Including VTE prevention solutions in surgical procedures to positively impact patients’ health and wellbeing
While healthcare facilities are aware of the risk of venous thromboembolism (VTE), care providers do not always have the time, training or resources to implement optimal prevention strategies. Learn how a clinic in Scandinavia has succeeded in integrating VTE prevention solutions in their surgery routines to safeguard the wellbeing of patients.
VTE is a serious condition that causes death and disability worldwide, with 10 million cases diagnosed each year1. Put simply, blood clots do not discriminate – the condition can affect people from all walks of life regardless of age, ethnicity, or gender2, in particular those who undergo surgery3.
Akademikliniken in Stockholm, Sweden, is one of Scandinavia’s leading cosmetic surgery clinics. For the past ten years, they have been using mechanical prophylaxis in the form of intermittent pneumatic compression (IPC) as a standard part of their routines for any longer surgery. Initially there were concerns from the staff that this was an extra step in the process that would only result in less time to complete each operation. Now, having seen and understood the positive effects, no one at the clinic questions it.
Preventive work is about changing mindset and culture
Lena Erkesjö, anesthesia nurse at Akademikliniken, explains how important it is to instil trust in each patient. Usually there is a lot of nervousness involved prior to an intervention, and every surgery has been preceded by an extensive dialogue that can span months.
“We talk patients through what each step in the process means, which is why there are no questions asked once we get to the part of placing the garment on the patient’s leg before surgery – and why it stays on afterwards,” Lena says.
“The routines for this are like clockwork, but it has taken education, determination and a cultural change in how preventive measures are viewed. Without the insistence from our head anaesthetist, we would not be where we are today with this type of preventive work,” Lena Erkesjö concludes.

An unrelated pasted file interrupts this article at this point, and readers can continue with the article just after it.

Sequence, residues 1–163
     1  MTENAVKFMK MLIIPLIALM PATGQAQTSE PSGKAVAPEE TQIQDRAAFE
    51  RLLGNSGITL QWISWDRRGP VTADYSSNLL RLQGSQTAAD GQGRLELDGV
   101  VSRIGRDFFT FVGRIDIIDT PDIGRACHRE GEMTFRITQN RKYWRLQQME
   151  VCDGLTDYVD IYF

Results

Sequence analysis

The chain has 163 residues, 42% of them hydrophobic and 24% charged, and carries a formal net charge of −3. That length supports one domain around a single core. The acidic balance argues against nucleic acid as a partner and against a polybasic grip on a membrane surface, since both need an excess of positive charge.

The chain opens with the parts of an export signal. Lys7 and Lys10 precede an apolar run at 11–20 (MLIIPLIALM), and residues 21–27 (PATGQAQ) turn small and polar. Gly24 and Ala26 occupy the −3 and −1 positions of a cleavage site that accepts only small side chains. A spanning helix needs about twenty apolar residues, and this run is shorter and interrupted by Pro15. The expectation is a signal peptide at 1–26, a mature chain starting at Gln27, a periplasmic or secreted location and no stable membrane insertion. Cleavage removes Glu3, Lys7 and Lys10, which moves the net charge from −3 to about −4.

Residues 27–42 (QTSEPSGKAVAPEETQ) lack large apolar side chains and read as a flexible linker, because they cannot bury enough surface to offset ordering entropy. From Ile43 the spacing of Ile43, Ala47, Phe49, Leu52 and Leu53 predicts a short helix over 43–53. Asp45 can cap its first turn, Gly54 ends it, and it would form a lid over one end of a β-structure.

Reducing the risk of one of the most common post-surgery complications
Patients undergoing surgical procedures lasting more than 60 minutes are considered one of the most significant risk groups for developing VTE, and the risk remains high several weeks post-surgery.
“To reduce the risk of bleeding during surgery, we want to avoid using blood thinning medication. However, we saw that when we removed that type of medicine, the occurrence of blood clots increased and that’s when I started to look into how we could work to prevent that kind of development through non-pharmacological solutions,” says Thore Hedestig, Physician specialist in anaesthesiology and intensive care, and continues:
“Using an IPC solution really makes a significant impact in terms of providing our patients with the best and most pleasant experience possible – significantly reducing the risk of one of the most common post-surgery complications. Actually, you could say that with this preventive approach, adding IPC as the VTE prevention method is physically similar to being out for a nice long walk – while anesthetized.”
He explains that during the Covid-19 pandemic, there was an increased focus on blood clots in general – but at the same time, resources for preventive work declined due to the extra strain put on all healthcare.
“Our patients are usually healthy; otherwise we wouldn’t go through with surgery. Even if the patients are not considered high risk of developing VTE, we definitely see that VTE prevention solutions have a positive impact on our patients’ health and wellbeing – which ultimately also reduces costs and the demand on resources for the healthcare system as a whole. We are lucky to have management supporting these types of investments in prevention. Imagine the positive impact we could see if VTE prevention protocols including IPC were used more widely in healthcare,” says Thore Hedestig.
Focusing on the long-term positives
According to Martina Kroon, who is a trained nurse and works as a Product Specialist with Arjo Sweden, it is unusual for a private cosmetic surgery clinic to invest in mechanical prophylaxis, and she finds it inspiring that Akademikliniken really has integrated the preventive approach into their way of working.
“While others may see this solution as an added cost, the team at this clinic has truly seen the positive effects in fewer post-surgery issues, like deep vein thrombosis and pulmonary embolism. In my view, this should be the benchmark for high quality surgery. If all healthcare providers were empowered to always prioritise the long term positives over the short term costs – patients would experience fewer complications and have increased quality of life, while providers would optimise costs and efficiencies in care, leading to more sustainable healthcare systems.”
1 Jha AK, Larizgoitia I, Audera-Lopez C et al. The global burden of unsafe medical care: analytic modelling of observational studies. BMJ Qual Saf 2013; 22: 809-15.
2 Geerts WH, Pineo GF, Heit JA et al. Prevention of venous thromboembolism: the seventh ACCP conference on antithrombotic and thrombolytic therapy. Chest. 2004; 126(suppl 3): 338-400S.
3 Nicolaides A, Fareed J, Kakkar A et al. Prevention and treatment of venous thromboembolism - International Consensus Statement. International Angiology. 2013; 32(2): 111-260.